snow 004On Tuesday I watched the drifts pile higher and higher, particularly amused when I discovered that there were two feet of snow drifted tight against the back door as well as a larger four- or five-foot drift between that door and the snow shovels six feet away that we had wisely moved from the garage to the back patio to make them easy to grab when the storm was over. This happened at about the same time I learned that classes were also cancelled for Wednesday, throwing all three of my syllabi into complete disarray. And who said that living in New England during the winter is not fun? Jeanne and I did zero shoveling on Tuesday, watched episodes four through nine of Season Five of Downton Abbey (we got the whole thing in DVD a couple of days ago because Jeanne started throwing a few monthly bucks WGBH-PBS’s way a few weeks ago), I drank Balvenie, and we slept well.

Wednesday was less fun because the snow shoveling staff failed to show up and we had to do it ourselves. According to a Facebook acquaintance the official snowfall in Providence from Juno was 19.5 inches (and we know that Facebook is always right), but because of tightly packed three- to four-foot drifts from top to bottom of our driveway, it shoveled like a lot more. With impeccable timing, just as we were close to finished our neighbor Al, with whom we share a driveway, said that he was going to be borrowing a friend’s snowblower and would have been happy to do our side with it. snow 007Actually Al’s a sweetheart and came back with it in time to blow out the end of our drive where the plow had deposited five feet worth of cement-heavy material. Later today I’ll be retrieving our car from the campus lot and parking it in our shoveled driveway just in time for the plow to pile a few feet more of snow in the end as it makes a sweep pushing the banks back in the middle of the night.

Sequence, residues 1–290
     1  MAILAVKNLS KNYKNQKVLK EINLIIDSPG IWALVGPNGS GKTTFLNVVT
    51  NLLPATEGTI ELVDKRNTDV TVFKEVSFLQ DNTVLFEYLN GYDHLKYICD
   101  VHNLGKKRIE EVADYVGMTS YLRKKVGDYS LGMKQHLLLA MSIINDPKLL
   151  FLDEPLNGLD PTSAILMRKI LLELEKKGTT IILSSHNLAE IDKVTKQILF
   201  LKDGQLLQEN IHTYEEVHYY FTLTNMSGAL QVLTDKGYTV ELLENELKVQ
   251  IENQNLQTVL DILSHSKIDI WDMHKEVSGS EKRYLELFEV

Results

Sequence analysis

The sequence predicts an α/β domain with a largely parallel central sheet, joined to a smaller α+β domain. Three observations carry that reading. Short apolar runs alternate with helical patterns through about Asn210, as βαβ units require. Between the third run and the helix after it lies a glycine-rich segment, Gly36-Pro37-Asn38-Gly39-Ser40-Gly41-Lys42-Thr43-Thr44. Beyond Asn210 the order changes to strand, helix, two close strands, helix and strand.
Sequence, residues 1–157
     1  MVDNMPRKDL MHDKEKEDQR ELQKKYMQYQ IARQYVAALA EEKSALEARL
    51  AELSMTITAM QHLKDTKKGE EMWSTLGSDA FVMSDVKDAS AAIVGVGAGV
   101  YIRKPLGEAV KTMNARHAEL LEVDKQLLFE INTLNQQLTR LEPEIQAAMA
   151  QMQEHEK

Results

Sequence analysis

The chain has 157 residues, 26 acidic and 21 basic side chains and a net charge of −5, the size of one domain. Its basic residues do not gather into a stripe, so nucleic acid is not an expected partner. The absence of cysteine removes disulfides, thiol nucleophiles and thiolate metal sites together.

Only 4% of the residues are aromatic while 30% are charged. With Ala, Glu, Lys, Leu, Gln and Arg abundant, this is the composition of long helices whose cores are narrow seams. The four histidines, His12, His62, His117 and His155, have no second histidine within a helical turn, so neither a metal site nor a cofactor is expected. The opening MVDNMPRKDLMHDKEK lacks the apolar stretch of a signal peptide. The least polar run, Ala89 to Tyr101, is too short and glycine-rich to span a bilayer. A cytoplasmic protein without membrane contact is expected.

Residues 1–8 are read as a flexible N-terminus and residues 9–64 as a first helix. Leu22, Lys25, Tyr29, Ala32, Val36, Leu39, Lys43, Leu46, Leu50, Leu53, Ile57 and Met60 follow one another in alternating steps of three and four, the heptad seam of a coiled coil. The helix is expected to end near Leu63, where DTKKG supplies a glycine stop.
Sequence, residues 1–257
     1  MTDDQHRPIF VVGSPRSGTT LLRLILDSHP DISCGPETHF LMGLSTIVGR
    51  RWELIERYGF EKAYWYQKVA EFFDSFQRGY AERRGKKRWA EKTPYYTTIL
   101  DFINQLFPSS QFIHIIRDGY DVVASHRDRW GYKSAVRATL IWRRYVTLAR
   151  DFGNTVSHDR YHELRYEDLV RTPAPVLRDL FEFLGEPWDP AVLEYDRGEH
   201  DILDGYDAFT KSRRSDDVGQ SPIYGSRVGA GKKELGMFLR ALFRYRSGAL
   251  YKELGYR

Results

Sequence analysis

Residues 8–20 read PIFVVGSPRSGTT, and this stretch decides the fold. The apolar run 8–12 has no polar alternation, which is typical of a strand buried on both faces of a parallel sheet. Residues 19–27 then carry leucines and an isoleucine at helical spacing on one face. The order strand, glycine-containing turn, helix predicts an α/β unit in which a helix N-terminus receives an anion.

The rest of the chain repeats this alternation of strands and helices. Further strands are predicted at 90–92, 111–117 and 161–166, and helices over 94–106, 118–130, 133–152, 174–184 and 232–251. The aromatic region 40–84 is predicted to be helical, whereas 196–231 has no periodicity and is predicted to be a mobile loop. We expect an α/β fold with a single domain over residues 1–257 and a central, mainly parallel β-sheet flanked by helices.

Strangely enough, I wouldn’t have it any other way. I love New England, including the storms, and snow emergencies bring out the Good Samaritan best in everyone. Al cleared out the end of our driveway, we kicked in $10 to some enterprising youngsters to shovel out our neighbor across the street when she didn’t have enough cash on hand, and everyone is in a “pay it forward” mood. Except the fool who blew his horn impatiently for ten minutes as he sat behind an oil truck delivering oil to our elderly neighbor on the other side whose tank had run dry. I hope Winter Storm Javier dumps five feet on him next January.snow 008

no complaining

Educating the Uneducated

This is the point in the semester where teachers start returning the first graded assignments to students and students start having a fit. A bit over a year ago I wrote about one of these exchanges that was particularly satisfying . . . 

An uneducated person accuses others when he is doing badly. Epictetus

 We have all had the experience of only realizing after the fact what we should have said in real time. This happens to teachers frequently—you want to tell the unvarnished truth to a student who badly needs to hear it, but circumstances don’t allow it. But every once in a while, one gets the chance to actually say what needs to be said when it needs to be said. DWCI had that opportunity in an email exchange early this week.